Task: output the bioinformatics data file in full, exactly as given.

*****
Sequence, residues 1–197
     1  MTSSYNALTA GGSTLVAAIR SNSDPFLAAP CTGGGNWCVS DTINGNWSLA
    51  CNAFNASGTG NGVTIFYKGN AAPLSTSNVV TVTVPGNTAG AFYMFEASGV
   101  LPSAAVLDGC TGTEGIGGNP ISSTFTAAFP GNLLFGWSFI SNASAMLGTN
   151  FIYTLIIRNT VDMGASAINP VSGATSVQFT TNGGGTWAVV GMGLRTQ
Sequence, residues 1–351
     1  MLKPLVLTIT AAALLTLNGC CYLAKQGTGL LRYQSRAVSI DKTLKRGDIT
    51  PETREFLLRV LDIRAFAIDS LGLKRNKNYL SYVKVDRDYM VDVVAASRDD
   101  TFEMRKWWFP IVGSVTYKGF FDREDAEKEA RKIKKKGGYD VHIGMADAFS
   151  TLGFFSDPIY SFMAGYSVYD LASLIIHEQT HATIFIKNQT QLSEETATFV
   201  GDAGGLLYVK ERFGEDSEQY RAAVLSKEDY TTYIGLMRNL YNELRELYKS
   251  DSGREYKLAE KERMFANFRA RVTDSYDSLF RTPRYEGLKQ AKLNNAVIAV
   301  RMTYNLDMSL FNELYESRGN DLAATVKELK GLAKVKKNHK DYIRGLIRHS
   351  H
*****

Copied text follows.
Sequence, residues 1–197
     1  MTSSYNALTA GGSTLVAAIR SNSDPFLAAP CTGGGNWCVS DTINGNWSLA
    51  CNAFNASGTG NGVTIFYKGN AAPLSTSNVV TVTVPGNTAG AFYMFEASGV
   101  LPSAAVLDGC TGTEGIGGNP ISSTFTAAFP GNLLFGWSFI SNASAMLGTN
   151  FIYTLIIRNT VDMGASAINP VSGATSVQFT TNGGGTWAVV GMGLRTQ
Sequence, residues 1–351
     1  MLKPLVLTIT AAALLTLNGC CYLAKQGTGL LRYQSRAVSI DKTLKRGDIT
    51  PETREFLLRV LDIRAFAIDS LGLKRNKNYL SYVKVDRDYM VDVVAASRDD
   101  TFEMRKWWFP IVGSVTYKGF FDREDAEKEA RKIKKKGGYD VHIGMADAFS
   151  TLGFFSDPIY SFMAGYSVYD LASLIIHEQT HATIFIKNQT QLSEETATFV
   201  GDAGGLLYVK ERFGEDSEQY RAAVLSKEDY TTYIGLMRNL YNELRELYKS
   251  DSGREYKLAE KERMFANFRA RVTDSYDSLF RTPRYEGLKQ AKLNNAVIAV
   301  RMTYNLDMSL FNELYESRGN DLAATVKELK GLAKVKKNHK DYIRGLIRHS
   351  H